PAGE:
Boston — Several interviews with officials of philanthropic foundations and a panel session on philanthropic giving for school and college directors of development have elicited some useful information for those who seek funding for nonprofit institutions.
First and foremost, they all agree that there is a need to correct a false impression about the purpose of foundations -- they are not (repeat "not") in the charity business; they are contractors.
As one official put it, "Look on our funding as a fee for delivery of services." Another: "We're charitable, but not charity. We're contractors. We want to invest in services as they fulfill our goals and purposes."
All the foundation officials agreed on a second point -- the need for some ongoing relationship, the need for those in need of (as well as deserving of) funds to make personal contact between the director, head, president, provost, or what have you of the institution and one or more officials of a foundation.
And they agreed on a third: Before making any personal contact, do some homework. Use "The Foundation Directory" (distributed by Columbia University press) to find those whose giving patterns appear to fit your needs. Then call or write and ask to see copies of the last three years' annual reports. Study these reports carefully, noting not only which organizations received money, but for what types of projects.
Note, too, whether there is some way for you to join with one or more other community-serving institutions, hence providing a further outreach for each dollar invested.
With the very fewest exceptions, foundations do not want long, wordy, detailed proposals -- certainly not in the initial contact. Instead, something under four double-spaced, typewritten pages is sufficient to introduce and spell out just what the request is for.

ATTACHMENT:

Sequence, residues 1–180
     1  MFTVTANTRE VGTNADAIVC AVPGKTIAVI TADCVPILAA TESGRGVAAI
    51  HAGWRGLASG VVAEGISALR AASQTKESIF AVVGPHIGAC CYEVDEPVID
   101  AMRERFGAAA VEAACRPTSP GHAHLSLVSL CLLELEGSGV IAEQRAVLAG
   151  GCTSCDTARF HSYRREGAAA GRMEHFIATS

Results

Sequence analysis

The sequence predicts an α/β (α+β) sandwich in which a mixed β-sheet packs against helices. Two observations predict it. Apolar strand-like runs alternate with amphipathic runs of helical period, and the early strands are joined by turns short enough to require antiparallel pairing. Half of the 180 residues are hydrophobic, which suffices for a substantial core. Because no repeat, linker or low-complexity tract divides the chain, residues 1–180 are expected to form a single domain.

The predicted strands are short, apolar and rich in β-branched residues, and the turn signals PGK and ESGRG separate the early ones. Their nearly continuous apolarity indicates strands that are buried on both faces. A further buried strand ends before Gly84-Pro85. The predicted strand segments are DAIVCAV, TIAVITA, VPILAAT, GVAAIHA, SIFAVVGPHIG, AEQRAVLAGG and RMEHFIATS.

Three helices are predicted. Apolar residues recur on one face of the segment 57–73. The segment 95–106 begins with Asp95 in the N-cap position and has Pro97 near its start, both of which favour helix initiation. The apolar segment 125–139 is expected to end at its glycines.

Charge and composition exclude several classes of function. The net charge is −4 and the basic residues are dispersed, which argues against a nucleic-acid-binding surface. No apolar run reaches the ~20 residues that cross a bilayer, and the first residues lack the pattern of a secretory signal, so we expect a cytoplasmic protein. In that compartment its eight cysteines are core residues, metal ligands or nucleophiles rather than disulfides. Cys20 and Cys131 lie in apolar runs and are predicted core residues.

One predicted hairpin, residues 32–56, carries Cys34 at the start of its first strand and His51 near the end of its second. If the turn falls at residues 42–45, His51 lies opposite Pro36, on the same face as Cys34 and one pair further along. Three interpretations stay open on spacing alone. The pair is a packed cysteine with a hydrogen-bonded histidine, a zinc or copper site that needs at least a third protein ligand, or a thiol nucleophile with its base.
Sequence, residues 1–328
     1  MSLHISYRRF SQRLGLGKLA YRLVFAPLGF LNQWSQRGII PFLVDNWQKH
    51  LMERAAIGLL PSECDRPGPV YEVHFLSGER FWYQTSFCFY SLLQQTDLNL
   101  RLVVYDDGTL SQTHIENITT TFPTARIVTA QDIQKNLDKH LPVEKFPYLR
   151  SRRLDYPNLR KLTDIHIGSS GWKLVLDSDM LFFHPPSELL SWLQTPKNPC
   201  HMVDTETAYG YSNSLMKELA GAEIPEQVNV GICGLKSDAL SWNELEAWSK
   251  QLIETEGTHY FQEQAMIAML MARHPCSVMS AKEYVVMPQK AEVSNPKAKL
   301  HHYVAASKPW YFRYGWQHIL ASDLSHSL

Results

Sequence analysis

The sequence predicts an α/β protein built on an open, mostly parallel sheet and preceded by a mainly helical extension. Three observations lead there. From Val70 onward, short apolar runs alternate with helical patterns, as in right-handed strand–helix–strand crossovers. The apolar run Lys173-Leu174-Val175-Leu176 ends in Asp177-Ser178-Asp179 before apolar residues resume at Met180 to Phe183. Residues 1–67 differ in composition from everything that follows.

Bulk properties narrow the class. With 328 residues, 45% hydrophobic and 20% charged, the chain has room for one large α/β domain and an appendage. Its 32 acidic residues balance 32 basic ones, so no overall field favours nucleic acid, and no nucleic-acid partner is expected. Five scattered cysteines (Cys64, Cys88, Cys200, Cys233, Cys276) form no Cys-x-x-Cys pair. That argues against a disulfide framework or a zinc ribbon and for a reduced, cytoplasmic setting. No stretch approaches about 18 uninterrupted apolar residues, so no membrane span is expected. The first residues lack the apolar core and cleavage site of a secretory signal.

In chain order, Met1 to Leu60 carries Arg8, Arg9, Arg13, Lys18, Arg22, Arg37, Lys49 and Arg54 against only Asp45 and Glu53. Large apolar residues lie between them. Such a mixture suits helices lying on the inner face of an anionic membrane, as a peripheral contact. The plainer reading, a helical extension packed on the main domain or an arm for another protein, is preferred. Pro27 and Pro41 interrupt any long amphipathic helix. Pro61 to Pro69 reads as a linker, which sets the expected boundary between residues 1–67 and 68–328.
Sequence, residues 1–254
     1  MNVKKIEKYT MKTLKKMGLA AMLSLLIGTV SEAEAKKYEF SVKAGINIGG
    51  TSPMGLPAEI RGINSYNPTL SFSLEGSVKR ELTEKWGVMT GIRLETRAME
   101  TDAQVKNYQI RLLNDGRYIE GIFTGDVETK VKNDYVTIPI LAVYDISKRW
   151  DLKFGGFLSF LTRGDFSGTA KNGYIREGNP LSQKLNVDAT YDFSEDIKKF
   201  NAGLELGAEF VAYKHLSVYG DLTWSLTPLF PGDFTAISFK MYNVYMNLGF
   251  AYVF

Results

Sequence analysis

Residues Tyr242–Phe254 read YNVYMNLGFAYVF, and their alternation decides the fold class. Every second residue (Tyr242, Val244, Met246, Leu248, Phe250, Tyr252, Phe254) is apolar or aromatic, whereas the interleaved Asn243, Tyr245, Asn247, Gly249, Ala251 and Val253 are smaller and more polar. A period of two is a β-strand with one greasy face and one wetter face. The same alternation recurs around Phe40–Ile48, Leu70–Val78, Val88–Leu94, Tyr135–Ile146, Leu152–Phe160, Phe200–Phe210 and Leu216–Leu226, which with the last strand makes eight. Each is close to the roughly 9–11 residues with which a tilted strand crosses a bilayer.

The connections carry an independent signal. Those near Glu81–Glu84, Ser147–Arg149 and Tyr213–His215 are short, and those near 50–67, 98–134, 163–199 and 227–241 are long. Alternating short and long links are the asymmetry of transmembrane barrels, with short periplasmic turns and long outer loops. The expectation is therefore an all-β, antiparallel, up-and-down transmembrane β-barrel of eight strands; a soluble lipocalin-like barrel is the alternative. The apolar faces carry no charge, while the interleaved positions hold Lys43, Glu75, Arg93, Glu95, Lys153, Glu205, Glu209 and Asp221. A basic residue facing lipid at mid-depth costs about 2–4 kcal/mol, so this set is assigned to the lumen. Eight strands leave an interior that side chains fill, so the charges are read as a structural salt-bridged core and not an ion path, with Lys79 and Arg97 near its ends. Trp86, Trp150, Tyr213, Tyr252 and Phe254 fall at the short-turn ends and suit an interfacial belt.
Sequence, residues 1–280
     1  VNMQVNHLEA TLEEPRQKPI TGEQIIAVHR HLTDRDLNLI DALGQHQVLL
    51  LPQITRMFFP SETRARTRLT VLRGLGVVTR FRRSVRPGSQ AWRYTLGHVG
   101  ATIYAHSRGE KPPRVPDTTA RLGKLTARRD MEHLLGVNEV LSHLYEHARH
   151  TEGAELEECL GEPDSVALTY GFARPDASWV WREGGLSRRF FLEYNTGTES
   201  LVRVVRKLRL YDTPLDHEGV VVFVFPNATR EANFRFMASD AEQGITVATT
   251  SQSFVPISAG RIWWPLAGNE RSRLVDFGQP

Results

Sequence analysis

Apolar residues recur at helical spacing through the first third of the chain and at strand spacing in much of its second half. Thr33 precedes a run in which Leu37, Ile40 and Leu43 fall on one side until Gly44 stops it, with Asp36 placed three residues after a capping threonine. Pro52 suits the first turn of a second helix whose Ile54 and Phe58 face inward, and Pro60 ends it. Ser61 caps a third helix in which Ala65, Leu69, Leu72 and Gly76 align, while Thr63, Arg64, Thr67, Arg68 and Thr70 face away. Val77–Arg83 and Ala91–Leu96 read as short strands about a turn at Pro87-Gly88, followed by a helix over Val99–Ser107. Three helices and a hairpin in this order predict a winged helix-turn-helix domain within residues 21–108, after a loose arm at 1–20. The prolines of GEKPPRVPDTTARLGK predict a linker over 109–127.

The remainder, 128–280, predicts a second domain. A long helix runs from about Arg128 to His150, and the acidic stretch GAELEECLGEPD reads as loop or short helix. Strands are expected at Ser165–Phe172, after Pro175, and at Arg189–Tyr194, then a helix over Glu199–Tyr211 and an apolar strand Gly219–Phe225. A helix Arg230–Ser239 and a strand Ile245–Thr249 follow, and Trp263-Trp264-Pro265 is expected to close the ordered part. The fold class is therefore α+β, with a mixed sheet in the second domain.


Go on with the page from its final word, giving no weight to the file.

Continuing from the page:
Another point of agreement: "You really have to know what you're talking about." About 300 foundations spend $25 million or more a year, for education, and the officials who determine the distribution of funds are experts in their fields. Many were once themselves college presidents, school directors, professors, or business administrators, and they expect that those approaching them for funds will have worked out the important details of just why the funds are needed, how they are to be distributed, what impact they are expected to have, and so forth.
Having done the homework, having written a draft proposal, now is the time to approach the foundation personally. Who should present the request? Whoever is head of the institution. As one foundation official laughingly said: "Put the top man in a three-piece suit, brief him well, and send him in to the foundation office prepared to walk out with a contract."
Another point of agreement: If a foundation generally makes grants in the $10 ,000-to-$20,000 range, don't ask for half a million dollars. In other words, if you need millions to carry out some grand design, and you want to take advantage of foundation funds, then think of some way to elicit some funds from one foundation and other funds from another, and so forth.
Foundations do like joint projects, whether it is several institutions with the same goal working under the same grant or one institution working with several foundations.
After a grant is given, the receiving institution has a continued responsibility -- based on the concept that the grant was a fee for services. Foundation officials want to be kept abreast of what's happening on the project. As one official explained:
"We all know that no project is going to go as planned. We know that, and we expect it, but we want to be kept abreast. We want frequent contact.Not large formal reports, at least not at this foundation or at most I know about, but informal reports."
Asked if he wanted that "top" man in his three-piece suit to come back for an interim visit or two, he replied, "Wouldn't hurt."
What about trying to get funds from a foundation by contacting one or more members of the board of directors? Here there was disagreement. Some said it was a good way to approach a foundation; others, that it made a poor impression and put foundation officials on guard.
They did agree that if someone in an institution was well acquainted with a foundation board member, it would neverm do any harm to keep the lines of communication open. Again, the foundation officials emphasized that whoever the contact person is must know the complete details of the project, must be well informed and utterly truthful.
What should an institution do if the project fails -- if a foundation's funds didn't carry out the service it gave them for?
"Tell the truth," was the unanimous advice. "Always tell the truth. We understand that the best-designed plans fail. Just warn us, tell us, and maybe we can help."